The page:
Cynthia Cooper’s book – Extraordinary Circumstances: The Journey of a Corporate Whistleblower


cooper.jpgCynthia Cooper, WorldCom whistleblower, is releasing her book in just few days. Extraordinary Circumstances: The Journey of a Corporate Whistleblower is her story. If it is anything like the speech I heard her give a few years ago at the Association of Certified Fraud Examiners Fraud Conference, it will be fantastic.

Unlike other so-called whistleblowers of the Enron, WorldCom, and Tyco era… Cynthia is the true hero. She stood up for what she knew was right and she suffered for it. Make no mistake that she was in danger as she and her team attempted to get to the bottom of accounting shenanigans at WorldCom.

Publishers Weekly writes:

In Cooper’s thorough and efficient narrative about the fantastic collapse of telecommunications giant WorldCom there are two distinct themes: her insider’s view of the corporation’s widespread wrongdoing and the life experiences that led Cooper to becoming a courageous whistleblower. Cooper, former vice president of WorldCom’s internal audit department, is most successful with the former. She brings us into the boardrooms, the backrooms and, somehow, into the heads of key players as some struggled with and others embraced the deceptions that would bring WorldCom down.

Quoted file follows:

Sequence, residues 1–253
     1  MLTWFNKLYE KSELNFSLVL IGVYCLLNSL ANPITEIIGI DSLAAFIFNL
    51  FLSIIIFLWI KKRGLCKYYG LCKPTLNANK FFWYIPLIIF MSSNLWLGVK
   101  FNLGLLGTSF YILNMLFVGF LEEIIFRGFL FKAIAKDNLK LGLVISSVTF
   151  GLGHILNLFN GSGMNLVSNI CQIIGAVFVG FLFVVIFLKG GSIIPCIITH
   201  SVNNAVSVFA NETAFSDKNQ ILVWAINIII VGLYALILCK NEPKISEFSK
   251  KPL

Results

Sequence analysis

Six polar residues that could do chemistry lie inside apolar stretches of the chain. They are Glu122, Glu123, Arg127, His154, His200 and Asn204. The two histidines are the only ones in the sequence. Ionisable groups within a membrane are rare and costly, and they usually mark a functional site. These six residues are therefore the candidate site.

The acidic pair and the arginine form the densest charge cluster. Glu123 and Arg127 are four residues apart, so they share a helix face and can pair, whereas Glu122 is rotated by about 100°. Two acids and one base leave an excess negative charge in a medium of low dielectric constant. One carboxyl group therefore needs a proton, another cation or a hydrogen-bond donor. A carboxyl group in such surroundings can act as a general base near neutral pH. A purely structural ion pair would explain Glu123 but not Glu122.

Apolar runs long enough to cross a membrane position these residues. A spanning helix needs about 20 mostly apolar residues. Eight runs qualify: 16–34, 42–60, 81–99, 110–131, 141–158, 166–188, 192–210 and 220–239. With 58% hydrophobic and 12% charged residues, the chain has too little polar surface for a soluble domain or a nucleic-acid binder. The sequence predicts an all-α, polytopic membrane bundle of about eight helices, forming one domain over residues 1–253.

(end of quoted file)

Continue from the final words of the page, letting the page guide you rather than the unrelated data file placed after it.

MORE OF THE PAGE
I’ll be reviewing the book in the next couple of weeks and can’t wait to share my thoughts.

Tyco Owes IRS $50 Million in Back Taxes


Tyco International Ltd. still owes the Internal Revenue Service $50 million in income taxes related to capital gains that were not reported in its 1999 federal tax return.

The company’s former vice president of taxation, Raymond Scott Stevenson has been charged with filing a false corporate tax return, which underreported capital gains by $170 million. The IRS says that the income tax on the capital gains would add $50 million to Tyco’s 1999 tax bill.

According to the U.S. Attorney’s Office in Southern Florida, Raymond Stevenson was the vice president of taxation for Tyco until 2003. In 1999, he initiated a series of transactions which reduced the company’s state tax liability. However, the same transactions created $170 million in federal capital gains, but Stevenson failed to report that amount on Tyco’s federal return.

Stevenson has pleaded not guilty to the charge of tax fraud.